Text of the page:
. . . you don't always know that a story will be a horror
My mother took me to see the Wizard of Oz when I was 3 years old. Unfortunately, no matter how smart a three year old is, she is not prepared to meet people she knows in "real life" as odd and, sometimes, scary figures in an alternate reality. Now, of course, the movie wasn't about people I knew, but I entered the life of Dorothy- suddenly transported to a strange place with strange people and when she woke up in her own room with the characters of the story appearing as people in her real life, I was very upset. Despite that experience, I erred as a parent bringing my 2 year old daughter to see"2001, The Space Odyssey". She sat through the whole thing with saucer eyes, although she was much more openly disapproving about the Arlo Guthrie movie, "Alice's Restaurant". A generation later I struck out again with my granddaughter, taking her - during the Great Recession - to see the Muppets' movie about the Great Recession. Well, it's the Muppets - how can the muppets be scary? About a quarter of the way into the movie, she shook my sleeve. With a look of sheer panic on her face, she wanted to leave - now! Poor thing, it took her years to be able to even look at a picture of a muppet, although she had to get over it for her baby sister who loved Elmo.
It turns out that above and beyond movies that are designated as "horror", people like myself might designate any film/story that focuses on human behavior that induces a sense of fear or vulnerability as being a horror film.
How Things Progress over time
We have transitions in life. From babyhood to preschool to school(elementary) to school(jr/sr high) and on and on. When I was a young woman, the major transition of life, as far as I knew, came at the age of 40, the big FOUR-OH. At forty, I said, "I don't get it. I don't feel any different." For me the first major transition took place at 50. But it wasn't scary - just philosophical. My birthday is in May, before the beaches open up, so I rented a place facing the ocean for a week, and went down there to think and to write.
Between the ages of 70 to 79 I surely knew that I was going to turn 80 and it was an important turning point because it's an age when you begin to truly understand that your time on earth is limited. As my grandmother and great-grandmother both lived to 89, I had a real question about how long i could sustain my life, an active life. But I didn't think about it much.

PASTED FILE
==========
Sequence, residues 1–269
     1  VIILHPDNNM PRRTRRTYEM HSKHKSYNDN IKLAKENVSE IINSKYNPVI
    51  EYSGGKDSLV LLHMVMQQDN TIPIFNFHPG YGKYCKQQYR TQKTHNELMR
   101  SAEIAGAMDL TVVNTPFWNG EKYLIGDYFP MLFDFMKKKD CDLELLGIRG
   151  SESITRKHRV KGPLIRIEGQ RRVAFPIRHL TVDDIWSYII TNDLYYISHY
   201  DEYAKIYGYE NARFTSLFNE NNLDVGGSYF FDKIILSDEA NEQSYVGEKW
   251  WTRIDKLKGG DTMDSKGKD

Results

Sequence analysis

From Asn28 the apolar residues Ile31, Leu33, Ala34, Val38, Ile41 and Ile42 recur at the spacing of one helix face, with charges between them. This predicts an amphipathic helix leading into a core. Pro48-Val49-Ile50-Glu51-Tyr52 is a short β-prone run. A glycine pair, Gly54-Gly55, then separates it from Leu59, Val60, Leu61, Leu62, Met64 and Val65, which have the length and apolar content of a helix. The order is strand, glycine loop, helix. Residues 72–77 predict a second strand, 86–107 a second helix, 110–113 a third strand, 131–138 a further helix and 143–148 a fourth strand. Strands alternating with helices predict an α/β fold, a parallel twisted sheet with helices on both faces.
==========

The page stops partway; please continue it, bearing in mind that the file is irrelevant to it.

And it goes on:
Imagine my surprise when a month or two after I turned 80, I started waking up at 5am, that period when you are neither fully awake or fully asleep. It is a time when you are most vulnerable because there are no boundaries to protect you. And what came to me, seemingly unbidden, were scenes from movies that I had designated horror films for me. I struggled with the scenes played out before me. Mentally, I'd end my struggle with the admonition to "go away."
But next almost-morning brought a fresh specter, worse than the last. I continued the battle, thinking that this was an insistent message about my mortality and I was not going to lose. I was not only going through movies, but authors as well. One almost morning, I woke with no spector - I thought. But I turned toward our master bath and the usual soft glow of the night light in the bathroom had turned into the moving light rays of "The Shining" glimmering around the edges of the bathroom door.
Shouting without voice, so as not to wake my husband, I leapt out of bed and said, "Oh no you don't - this is too much - no more - I ban you! Get out of here once and for all."
Now . . .